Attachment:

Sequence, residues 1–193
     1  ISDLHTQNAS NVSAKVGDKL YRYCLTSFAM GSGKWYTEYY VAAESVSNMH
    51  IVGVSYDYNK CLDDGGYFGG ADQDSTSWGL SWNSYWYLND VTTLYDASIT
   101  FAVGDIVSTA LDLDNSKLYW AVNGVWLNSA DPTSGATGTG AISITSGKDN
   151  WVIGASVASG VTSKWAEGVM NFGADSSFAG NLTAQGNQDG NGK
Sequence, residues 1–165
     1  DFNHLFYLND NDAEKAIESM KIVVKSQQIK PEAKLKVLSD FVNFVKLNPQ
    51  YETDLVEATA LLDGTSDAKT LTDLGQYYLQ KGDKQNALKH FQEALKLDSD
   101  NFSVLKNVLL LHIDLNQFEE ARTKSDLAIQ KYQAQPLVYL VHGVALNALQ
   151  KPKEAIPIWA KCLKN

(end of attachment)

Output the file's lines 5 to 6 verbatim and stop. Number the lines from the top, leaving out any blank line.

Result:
   151  WVIGASVASG VTSKWAEGVM NFGADSSFAG NLTAQGNQDG NGK
Sequence, residues 1–165